As the warm air rises, cooler air near the surface flows in to fill its place. The cool air travels across the surface of the ocean towards the center of the updraft, picking up moisture through evaporation as it goes. Eventually, it is dragged into the updraft, where it moves to higher altitude and condenses the water vapor it has acquired. As the water vapor condenses, the air reheats and contributes to the force of the updraft, thereby perpetuating the cycle. (See figure 1.)

winds with a spin (Coriolis effect)

The winds produced in hurricanes don't just feed directly into the updraft, they spiral in toward the center of the storm. The reason for this behavior has to do with the rotation of the earth.

On the surface of the earth, even so-called "still" air is not really still. It is carried eastward along with the rotating earth. At the equator, it moves in a large circle (red line in figure 2), and at higher latitudes it moves in smaller circles (e.g. cyan line in figure 2). In the northern hemisphere, as a volume of air moves northward from low latitude to high latitude, it changes its circular orbit from a larger radius to a smaller radius. According to the law of conservation of angular momentum (see our lesson on Desk Chair Angular Momentum for more details), its orbital (eastward) velocity will increase. This increase in velocity will push the air eastward ahead of the rotating earth. In a similar way, a volume of air moving southward from high latitude to low latitude will increase its orbit radius and will decrease its orbital velocity, making it fall behind (westward) of the rotating earth. Therefore, anything moving northward in the northern hemisphere will be deflected to the east and anything moving southward will be deflected to the west. This deflection is known as the Coriolis Effect.1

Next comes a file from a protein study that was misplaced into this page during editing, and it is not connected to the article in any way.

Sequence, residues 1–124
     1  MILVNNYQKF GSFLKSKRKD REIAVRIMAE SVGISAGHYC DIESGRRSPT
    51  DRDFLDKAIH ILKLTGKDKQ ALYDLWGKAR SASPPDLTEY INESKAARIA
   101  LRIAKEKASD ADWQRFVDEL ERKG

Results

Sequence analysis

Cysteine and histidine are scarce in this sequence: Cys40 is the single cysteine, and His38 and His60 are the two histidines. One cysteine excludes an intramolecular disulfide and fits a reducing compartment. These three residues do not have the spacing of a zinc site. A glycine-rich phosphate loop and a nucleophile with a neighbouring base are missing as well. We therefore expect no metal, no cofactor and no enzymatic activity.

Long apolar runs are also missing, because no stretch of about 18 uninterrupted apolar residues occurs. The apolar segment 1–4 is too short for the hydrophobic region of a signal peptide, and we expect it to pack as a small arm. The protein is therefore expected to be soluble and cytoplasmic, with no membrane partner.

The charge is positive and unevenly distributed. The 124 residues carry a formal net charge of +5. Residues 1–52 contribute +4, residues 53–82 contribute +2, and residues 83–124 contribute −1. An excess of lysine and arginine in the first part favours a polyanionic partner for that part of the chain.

In a hurricane or tropical storm in the northern hemisphere, as cool air is pulled in along the surface to replace the rising warm air, the northerly surface winds will be deflected eastward and the southerly surface winds will be deflected westward. As a result, the whole air pattern will begin to rotate counter clockwise from above (see figure 3). In the southern hemisphere, the rotation is reversed so that the storm rotates clockwise.

The effect is bigger near the poles, where a given change in latitude produces a larger change in orbital radius. At the equator, a change in latitude hardly changes the oribtal radius at all, and the Coriolis effect is minimal.2 For this reason, hurricanes do not form close to the equator (see figure 4).

wind speed

The conservation of angular momentum around the earth's axis explains why hurricanes rotate counter clockwise in the northern hemisphere. Once the air starts rotating around the center of the hurricane, the conservation of angular momentum plays another role in the development of the storm. As rotating air is pulled in toward the center of the storm, its orbital speed increases, in accordance with the conservation of angular momentum. (In this case we are looking at angular momentum around the center of the storm rather than angular momentum around the earth's axis.) The winds speed up as they approach the center of the storm, sometimes reaching speeds in excess of 50 m/s (110 mph).